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You Will be Judged by Your School’s Culture

Culture is like the wind. It is invisible, yet its effect can be seen and felt.

What is culture? When I mention culture, I am referring to organisational culture. Organisational culture (Schein, 2004) is the way things are done in a school: a shared sense of purpose and vision; social behaviours and the way people interact with each other; norms, espoused values, beliefs, and assumptions; rituals, ceremonies and traditions; history and stories; people and relationships; architecture, symbols, and artefacts; and identity and image.

I have found that principals have strong views about the sort of organisational culture required if their schools are to achieve their goals and aspirations successfully. They have values, beliefs, and definite views about what needs to be done and how to get it done. Effective principals can articulate their intents and purposes regarding norms, expectations, and how they are prepared to hold people accountable if staff choose not to be compliant.

Know this upfront; your job is to set the culture in your school. Your community will expect that of you. They want you to establish the feel and tone they experience when they walk into your school.

Know also that you will be judged by it. You will be judged by the state of the grounds and how students wear their uniforms. You will be judged by how often you greet parents and children at the “gates” each morning.

I know many a head of primary that runs the drop-off every morning. The head of primary in one of my schools wore it like a badge, and the parents loved him for it. You need to be upbeat and positively influence others to ensure a positive school culture. If the culture is not what you want or what is desirable, fix it.

It is hard work and relentless, and you may not see the fruits of your labour for three to five years. You will encounter naysayers, critics and pessimists, and they will tell you how it can’t be done. Ignore them.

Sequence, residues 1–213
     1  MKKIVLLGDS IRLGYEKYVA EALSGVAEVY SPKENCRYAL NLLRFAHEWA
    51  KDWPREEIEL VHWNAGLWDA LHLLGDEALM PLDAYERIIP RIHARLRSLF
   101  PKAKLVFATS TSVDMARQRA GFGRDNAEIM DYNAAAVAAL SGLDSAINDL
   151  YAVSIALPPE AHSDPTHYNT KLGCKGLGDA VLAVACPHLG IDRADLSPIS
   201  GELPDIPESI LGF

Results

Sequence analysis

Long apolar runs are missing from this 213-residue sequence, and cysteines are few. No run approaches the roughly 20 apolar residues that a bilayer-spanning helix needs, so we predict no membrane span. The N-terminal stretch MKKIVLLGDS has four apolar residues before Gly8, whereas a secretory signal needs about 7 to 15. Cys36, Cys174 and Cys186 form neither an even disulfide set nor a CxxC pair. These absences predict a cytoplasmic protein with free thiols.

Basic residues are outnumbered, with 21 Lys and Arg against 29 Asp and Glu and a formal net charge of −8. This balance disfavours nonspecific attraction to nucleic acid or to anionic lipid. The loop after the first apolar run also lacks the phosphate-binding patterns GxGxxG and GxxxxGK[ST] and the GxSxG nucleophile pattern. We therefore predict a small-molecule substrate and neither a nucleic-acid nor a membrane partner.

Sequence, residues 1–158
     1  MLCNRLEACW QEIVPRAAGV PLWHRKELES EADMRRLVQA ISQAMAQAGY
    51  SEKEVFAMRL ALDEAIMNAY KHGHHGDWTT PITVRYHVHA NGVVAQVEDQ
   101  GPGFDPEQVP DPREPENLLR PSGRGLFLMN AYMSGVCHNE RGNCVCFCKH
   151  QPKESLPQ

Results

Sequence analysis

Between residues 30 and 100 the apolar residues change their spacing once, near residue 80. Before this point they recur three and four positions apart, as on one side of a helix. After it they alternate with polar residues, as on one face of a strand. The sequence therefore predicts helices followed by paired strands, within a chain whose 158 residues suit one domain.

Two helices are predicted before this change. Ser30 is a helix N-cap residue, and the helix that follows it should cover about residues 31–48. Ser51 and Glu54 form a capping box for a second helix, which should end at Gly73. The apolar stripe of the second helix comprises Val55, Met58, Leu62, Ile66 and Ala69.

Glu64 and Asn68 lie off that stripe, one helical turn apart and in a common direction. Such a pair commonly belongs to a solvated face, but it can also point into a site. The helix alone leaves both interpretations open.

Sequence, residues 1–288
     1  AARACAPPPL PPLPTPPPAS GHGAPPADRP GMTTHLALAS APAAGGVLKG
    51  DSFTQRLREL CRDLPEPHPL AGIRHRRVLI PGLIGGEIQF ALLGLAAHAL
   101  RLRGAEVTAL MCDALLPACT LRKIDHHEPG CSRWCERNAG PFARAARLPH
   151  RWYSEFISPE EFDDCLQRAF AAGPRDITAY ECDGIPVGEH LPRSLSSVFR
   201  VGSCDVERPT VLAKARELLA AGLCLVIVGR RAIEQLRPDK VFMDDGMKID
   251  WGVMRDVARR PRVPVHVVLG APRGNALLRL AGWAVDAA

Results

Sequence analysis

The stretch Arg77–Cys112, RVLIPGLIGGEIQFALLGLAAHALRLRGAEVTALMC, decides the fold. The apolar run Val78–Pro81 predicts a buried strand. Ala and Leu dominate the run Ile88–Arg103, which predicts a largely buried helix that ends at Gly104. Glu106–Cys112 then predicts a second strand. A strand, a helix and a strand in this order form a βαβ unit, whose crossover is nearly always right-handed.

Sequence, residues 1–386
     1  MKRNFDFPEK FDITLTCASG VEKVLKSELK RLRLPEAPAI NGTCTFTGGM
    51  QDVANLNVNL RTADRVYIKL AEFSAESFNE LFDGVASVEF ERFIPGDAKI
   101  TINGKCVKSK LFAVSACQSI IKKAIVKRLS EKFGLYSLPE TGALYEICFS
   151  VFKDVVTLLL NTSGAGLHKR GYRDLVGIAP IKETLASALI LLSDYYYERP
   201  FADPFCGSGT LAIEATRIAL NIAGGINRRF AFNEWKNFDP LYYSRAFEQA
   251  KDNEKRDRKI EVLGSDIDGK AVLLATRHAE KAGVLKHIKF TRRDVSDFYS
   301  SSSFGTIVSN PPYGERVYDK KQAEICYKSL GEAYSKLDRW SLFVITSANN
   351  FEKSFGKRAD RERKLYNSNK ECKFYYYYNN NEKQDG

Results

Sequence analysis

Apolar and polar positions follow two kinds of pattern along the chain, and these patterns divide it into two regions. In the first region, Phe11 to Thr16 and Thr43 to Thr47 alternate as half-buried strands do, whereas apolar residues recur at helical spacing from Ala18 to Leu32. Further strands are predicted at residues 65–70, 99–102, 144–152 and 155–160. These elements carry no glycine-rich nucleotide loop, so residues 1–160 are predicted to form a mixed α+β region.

The criteria for judging the effectiveness of an independent school principal should concentrate on the school culture. As one of the case study principals in my Thesis – Leading large, P-12, autonomous, independent schools: An Australian case study – said: “If I were judging effectiveness … I’d want to find out what the school tone and culture and that sort of thing is. I’ve advised boards that when choosing a head, spend a day with the applicant in their school. Get a feel for them in their school. See them on assembly. See them walk around and see how they interact with staff and students. You’ve got to walk in and observe and get a feel and a tone.”

I say the same to parents who are choosing a school for their child. Go to the school when it is in session, not after hours. Go when there are kids in the playground when they are interacting with fellow students and with teachers. Observe and note what you see. Do the students acknowledge you and greet you? How do they make you feel? This does not happen by chance; this is a direct result of the principal’s leadership, modelling, example and expectations.

The importance of fostering a great school culture can’t be overemphasised. If you fail to prioritise internal school culture or allow a toxic culture to grow and spread, you are bound to experience endless difficulties, from sleepless nights and anxious board meetings to challenges to your leadership.

As a new principal starting in a school, it is important that you spend time evaluating the culture that exists. It is essential to align with the ethos and foundations of the school in an authentic way and not simply adopt the existing culture without evaluating its appropriateness.

You must have the capacity to evaluate the existing culture against the fundamental beliefs and philosophy upon which the school is founded and against your own values and beliefs. For me, if changes needed to be made, then it was my responsibility to plot a strategic course of action and engage the community in the process of realising the change.

Culture is like the wind. It is invisible, yet its effect can be seen and felt. When it is blowing in your direction, it makes for smooth sailing, and when it is blowing against you, everything is more difficult.

For schools seeking to become more adaptive and innovative, culture change is often the most challenging part of the transformation. But culture change can’t be achieved through a top-down mandate. It lives in people’s collective hearts and habits and their shared perception of ‘how things are done around here.’

As a school principal, I was in a position of authority – delegated authority from my board and community. I could mandate changes if I wanted to – and at times, I did. I was judicious in what changes I would mandate. Show people the change you want to see. Let them feel part of it.

I devote chapters to a discussion of culture in my book, which can be purchased here –